Free US Shipping on orders over $60 (after discounts applied)

Search

WE CARRY ONLY STUFF WE USE IN OUR OWN REEFS

INCREASE THE BIODIVERSITY OF YOUR REEF WHILE KEEPING INHIBITANTS FEED AND YOUR ROCKS CLEAN

THE FOUNDATION OF THE REEF FOOD CHAIN

Using Refugium Sea Veggies to Optimize Herbivore Nutrition

 

Using Refugium Macroalgae to Feed Charismatic Reef Herbivores

 Acanthurans (tangs, surgeonfish) and siganids (rabbitfish) are some of the most iconic families of fish present in the modern reef hobby. These fish are colorful, charismatic and have captured the imaginations of novice and adept reefers alike. Two of the greatest obstacles to keeping such fish alive are 1) keeping stable water quality and 2) proper nutrition. A well-planned refugium complete with a robust macroalgae garden acts to suit both those needs! “Sea Vegetables” (Ulva, Gracilaria, Porphyra, Chaetomorphaetc.) are ravenous consumers of nitrogenous wastes (Ammonia, Nitrates), to which such species are particularly sensitive to. Sea veggies then incorporate that waste into their tissues, growing in number and size. Robust seaweed gardens can outgrow a refugium, which is why periodic harvesting is required. Many reefers sell off or throw out their excess macroalgae--when they should consider feeding it to their prized herbivores!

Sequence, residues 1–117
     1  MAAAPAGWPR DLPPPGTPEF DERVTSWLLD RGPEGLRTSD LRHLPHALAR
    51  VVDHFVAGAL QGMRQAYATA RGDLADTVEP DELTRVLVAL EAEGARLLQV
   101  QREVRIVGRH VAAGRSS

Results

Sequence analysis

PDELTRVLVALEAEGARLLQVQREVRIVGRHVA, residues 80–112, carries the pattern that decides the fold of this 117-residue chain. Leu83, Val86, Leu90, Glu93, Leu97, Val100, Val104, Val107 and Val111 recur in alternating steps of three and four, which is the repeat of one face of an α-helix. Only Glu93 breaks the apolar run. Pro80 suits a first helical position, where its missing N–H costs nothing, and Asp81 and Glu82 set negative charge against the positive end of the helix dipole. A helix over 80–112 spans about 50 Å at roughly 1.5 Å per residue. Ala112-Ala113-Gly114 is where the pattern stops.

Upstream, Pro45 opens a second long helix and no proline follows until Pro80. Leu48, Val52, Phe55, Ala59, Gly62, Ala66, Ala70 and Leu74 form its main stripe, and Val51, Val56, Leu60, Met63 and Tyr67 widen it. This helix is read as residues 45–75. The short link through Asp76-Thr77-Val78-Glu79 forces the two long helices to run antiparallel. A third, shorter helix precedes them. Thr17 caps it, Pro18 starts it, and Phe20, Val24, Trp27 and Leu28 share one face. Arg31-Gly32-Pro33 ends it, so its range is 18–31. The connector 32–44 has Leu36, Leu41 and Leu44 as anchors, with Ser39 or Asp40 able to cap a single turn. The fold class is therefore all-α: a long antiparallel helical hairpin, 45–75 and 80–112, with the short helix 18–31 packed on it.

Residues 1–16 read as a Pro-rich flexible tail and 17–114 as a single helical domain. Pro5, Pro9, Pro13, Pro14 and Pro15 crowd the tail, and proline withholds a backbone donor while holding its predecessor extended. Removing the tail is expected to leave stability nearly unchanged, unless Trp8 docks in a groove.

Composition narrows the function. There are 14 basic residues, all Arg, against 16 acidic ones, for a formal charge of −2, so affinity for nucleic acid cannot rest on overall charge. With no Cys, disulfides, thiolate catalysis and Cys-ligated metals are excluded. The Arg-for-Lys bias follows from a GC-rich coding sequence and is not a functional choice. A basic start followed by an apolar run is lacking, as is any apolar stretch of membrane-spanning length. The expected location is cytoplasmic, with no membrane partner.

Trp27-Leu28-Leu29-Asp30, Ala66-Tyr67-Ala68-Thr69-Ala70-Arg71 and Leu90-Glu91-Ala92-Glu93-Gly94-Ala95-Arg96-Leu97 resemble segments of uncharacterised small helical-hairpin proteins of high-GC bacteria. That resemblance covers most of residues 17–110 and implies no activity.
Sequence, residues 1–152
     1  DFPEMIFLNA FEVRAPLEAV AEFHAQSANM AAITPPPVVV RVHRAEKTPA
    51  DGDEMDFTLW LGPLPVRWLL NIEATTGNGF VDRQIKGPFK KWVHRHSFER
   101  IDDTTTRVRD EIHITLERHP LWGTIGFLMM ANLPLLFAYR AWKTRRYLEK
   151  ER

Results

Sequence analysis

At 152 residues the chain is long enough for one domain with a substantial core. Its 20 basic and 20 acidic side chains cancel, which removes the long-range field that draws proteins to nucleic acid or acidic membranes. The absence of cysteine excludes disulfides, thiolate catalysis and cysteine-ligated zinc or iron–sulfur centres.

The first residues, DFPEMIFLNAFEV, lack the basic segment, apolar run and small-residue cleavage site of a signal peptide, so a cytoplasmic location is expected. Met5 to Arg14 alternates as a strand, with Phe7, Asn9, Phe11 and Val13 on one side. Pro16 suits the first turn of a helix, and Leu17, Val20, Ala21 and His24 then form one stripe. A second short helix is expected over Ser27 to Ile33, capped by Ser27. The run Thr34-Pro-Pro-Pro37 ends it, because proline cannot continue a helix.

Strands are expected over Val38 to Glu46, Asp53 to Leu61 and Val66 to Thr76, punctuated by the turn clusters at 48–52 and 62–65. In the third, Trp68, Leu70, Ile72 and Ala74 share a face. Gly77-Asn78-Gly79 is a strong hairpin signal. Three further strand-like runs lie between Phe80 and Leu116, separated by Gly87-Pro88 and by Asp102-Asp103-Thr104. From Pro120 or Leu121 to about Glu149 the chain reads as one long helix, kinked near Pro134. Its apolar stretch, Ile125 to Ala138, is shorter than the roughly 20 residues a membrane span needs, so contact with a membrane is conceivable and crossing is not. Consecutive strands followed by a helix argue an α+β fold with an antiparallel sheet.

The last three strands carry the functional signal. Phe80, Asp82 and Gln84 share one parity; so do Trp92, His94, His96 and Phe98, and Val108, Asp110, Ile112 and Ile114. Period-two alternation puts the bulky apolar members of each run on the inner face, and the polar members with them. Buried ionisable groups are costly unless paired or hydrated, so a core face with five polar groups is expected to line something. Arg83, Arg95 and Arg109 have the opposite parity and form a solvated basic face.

Tangs Feed on Live Macroalgae--It’s Their Natural Ecology! 

Tangs, rabbitfish and other herbivorous reef fish have evolved to extract nutrition from macroalgae. In order to do this, they have a gut microbiome equipped with a specialized array of cellulolytic bacteria. These bacteria ferment sea veggies so that their nutrition can be extracted. These bacteria also facilitate the formation of fat bodies within the mesenteries of the gut. It is this specialized system which makes for plump, active, well-aged fish. Experienced reefers will note that in some aquariums, tangs grow to immense sizes and often outgrow the system. While in other aquariums, tangs and rabbitfish, which have lived there for years, never really increase in size. The key to preventing stunted growth lies in the proper establishment of the herbivore’s gut microbiome. Miyake et al 2015 demonstrates how tangs and other herbivorous fish, have a far more established gut-microbiome which is a crucial intermediary between the fish’s feed and its nutrition. Whereas the gut microbiome of carnivores is relatively transient, changing between meals, the gut microbiome of marine herbivores remained relatively static, leading to the likelihood that early feedings/inoculation of gut microbiota are crucial to ‘setting up’ the digestive machinery of such fish.